The state released additional report card data Wednesday, including individual designations, which are often the go-to measuring stick used to separate high performing districts from their peers. This year, just two districts — Lorain and Cleveland — received the dismal rating of academic emergency, the lowest rating on the scale.
Lorain met just one of the state’s 26 standards. With 85 percent proficiency being the benchmark, the only indicator met was 11th grade writing. On that test, which is part of the Ohio Graduation Test, 85.4 percent of the juniors scored proficient or better.
“I didn’t know what to expect, but needless to say I am not happy about that,” Tucker said. “When you are not a part of the process for that year, you don’t know what to expect. Going forward I can say the plan is to take a look at every bit of data available because behind every one of those scores is a story.”
Tucker said reading, for example, is an assessment of several skills including fluency and comprehension.
“So, you have to find out where you are weak and address it from there,” he said. “Are our teachers teaching reading? Absolutely, but we have to determine where we are weak if we want to improve.”
Lorain was close in a number of areas — sometimes just a fraction of a percentage point away from reaching the standard.
The 10th grade writing test had a proficiency level of 74.8 percent. The 11th grade reading test scored at 83.5 percent. The state benchmark for attendance is 93 percent and Lorain came in just below that at 92 percent.
“If you look at those numbers, that could be three questions that three kids didn’t get,” he said. “If you can identify the areas where you are close and push those kids just a little bit harder, it becomes two, three or five indicators and it changes your rating.”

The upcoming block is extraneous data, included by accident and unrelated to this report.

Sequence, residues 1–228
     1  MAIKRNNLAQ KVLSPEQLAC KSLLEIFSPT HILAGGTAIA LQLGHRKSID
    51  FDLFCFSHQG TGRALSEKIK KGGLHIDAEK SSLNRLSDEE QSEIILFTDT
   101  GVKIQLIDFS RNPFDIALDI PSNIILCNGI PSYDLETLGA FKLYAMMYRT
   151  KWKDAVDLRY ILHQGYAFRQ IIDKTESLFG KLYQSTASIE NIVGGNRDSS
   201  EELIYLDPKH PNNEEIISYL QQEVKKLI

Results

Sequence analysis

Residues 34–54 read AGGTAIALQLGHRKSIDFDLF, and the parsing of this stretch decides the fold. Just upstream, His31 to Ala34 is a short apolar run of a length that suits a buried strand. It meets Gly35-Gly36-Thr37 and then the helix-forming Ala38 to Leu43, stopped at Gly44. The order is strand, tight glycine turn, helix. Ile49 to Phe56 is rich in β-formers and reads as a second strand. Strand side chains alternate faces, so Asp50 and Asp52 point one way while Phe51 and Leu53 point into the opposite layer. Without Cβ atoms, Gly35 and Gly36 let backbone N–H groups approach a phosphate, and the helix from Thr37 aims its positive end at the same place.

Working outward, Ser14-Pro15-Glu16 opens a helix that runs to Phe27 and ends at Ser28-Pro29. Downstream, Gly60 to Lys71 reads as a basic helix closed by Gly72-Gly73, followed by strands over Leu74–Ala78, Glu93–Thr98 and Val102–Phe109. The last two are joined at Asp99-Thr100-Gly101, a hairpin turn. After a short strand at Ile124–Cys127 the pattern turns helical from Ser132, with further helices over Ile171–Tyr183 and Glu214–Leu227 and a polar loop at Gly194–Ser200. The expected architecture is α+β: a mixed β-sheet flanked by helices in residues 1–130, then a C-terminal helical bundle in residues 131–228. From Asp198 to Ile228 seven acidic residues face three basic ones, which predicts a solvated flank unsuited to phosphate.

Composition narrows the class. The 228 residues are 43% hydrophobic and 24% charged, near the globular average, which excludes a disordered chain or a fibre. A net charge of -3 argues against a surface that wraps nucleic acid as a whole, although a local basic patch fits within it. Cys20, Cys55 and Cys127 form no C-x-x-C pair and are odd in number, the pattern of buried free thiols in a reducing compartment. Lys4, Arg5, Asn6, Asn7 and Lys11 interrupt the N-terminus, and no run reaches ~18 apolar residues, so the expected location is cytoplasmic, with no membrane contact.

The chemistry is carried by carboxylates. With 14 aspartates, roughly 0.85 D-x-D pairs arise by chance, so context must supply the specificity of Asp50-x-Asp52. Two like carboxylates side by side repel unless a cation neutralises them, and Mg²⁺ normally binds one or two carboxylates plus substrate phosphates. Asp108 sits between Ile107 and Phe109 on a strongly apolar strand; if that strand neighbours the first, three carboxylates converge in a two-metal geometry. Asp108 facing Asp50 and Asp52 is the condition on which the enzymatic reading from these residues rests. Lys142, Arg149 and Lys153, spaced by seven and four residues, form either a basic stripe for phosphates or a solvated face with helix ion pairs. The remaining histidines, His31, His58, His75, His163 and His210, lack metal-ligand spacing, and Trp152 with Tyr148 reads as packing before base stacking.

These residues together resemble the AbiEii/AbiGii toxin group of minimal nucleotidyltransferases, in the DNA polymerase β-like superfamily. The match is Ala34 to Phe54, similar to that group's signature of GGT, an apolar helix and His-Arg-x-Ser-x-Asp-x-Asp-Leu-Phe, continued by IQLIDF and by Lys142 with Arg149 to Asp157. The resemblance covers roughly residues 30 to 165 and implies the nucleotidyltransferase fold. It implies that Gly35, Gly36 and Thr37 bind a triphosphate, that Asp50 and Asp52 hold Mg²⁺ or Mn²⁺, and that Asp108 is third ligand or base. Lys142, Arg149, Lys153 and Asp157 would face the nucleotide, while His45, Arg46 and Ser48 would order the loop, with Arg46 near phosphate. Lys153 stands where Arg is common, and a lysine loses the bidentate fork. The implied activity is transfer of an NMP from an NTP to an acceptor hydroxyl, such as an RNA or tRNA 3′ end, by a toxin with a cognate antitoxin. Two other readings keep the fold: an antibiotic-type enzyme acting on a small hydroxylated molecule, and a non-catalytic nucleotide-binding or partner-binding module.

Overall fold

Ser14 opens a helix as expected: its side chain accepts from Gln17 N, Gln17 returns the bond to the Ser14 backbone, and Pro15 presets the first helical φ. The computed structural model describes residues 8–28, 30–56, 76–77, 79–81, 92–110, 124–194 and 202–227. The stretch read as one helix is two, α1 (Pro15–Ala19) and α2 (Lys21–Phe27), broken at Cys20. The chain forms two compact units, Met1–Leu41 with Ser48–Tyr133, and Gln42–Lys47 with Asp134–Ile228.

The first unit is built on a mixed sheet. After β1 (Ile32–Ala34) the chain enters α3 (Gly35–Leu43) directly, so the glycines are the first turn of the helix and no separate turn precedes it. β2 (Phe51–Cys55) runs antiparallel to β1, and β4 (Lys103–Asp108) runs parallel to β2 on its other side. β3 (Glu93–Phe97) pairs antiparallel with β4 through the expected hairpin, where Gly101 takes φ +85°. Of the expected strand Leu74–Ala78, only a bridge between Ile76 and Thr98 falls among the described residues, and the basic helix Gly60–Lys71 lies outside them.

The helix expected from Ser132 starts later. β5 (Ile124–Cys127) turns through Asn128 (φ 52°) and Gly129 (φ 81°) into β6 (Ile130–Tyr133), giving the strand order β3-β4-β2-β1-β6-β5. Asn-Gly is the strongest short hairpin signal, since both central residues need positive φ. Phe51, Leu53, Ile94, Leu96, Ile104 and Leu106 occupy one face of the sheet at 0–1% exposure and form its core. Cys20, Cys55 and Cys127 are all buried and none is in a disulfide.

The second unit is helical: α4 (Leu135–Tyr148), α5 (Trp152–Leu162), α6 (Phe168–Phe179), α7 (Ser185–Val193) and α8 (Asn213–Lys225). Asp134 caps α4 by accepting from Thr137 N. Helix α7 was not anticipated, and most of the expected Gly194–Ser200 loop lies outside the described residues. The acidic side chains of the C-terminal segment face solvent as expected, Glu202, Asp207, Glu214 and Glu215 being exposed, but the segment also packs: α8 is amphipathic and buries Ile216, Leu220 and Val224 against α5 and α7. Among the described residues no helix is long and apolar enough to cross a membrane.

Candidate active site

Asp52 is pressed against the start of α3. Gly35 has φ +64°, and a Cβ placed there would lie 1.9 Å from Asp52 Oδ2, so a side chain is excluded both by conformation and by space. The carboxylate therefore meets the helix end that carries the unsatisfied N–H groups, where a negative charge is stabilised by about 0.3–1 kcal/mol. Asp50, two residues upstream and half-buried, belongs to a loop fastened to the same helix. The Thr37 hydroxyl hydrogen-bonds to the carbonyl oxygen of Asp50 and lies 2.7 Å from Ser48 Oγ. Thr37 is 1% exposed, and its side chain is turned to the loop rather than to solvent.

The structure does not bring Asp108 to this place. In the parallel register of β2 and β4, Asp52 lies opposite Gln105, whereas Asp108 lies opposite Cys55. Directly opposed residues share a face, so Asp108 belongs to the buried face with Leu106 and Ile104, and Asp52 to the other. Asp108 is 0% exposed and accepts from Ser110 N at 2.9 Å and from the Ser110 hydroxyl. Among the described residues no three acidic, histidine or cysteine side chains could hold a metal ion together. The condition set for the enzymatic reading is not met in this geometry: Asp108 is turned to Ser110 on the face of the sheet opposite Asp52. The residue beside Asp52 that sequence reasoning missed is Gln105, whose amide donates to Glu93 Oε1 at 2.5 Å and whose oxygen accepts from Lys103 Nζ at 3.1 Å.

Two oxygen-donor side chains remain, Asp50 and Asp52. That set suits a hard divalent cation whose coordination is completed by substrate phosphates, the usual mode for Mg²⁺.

On the other side of the spectrum, there are several areas where Lorain is far from reaching the standard. There are areas of concern like eighth grade science, where just 32.6 percent of students passed the test or fifth grade math and science, where 38.2 percent and 38.7 percent of students passed those tests, respectively.
To change the tide in the worst area, Tucker said it will take an across the board assessment from curriculum to teaching style to data analysis. It will be a very methodical plan of attack.
“Every week we have to make sure the students know what they need to know and, if not, re-teach the material until they do,” he said.
The district also did not meet the state’s adequate yearly progress or value-added benchmarks, which measure how much progress students make from year-to-year and if they are learning more than a year’s worth of material.
With just three weeks until Lorain voters are asked to pass a 4.8-mill new money levy, the news from the state could not come at a worse time. But Tucker said he hopes parents think hard before using that as a reason to vote no.
“All I can tell them is if they don’t pass this levy then things won’t get better,” he said. “These scores didn’t come from what we are doing today or what new steps we are implementing today. Before I got here, we had cut kindergarten down to just half day and reduced a number of teaching positions. If we want to move forward, we have to put those things back in place.”
Contact Lisa Roberson at 329-7121 or firstname.lastname@example.org.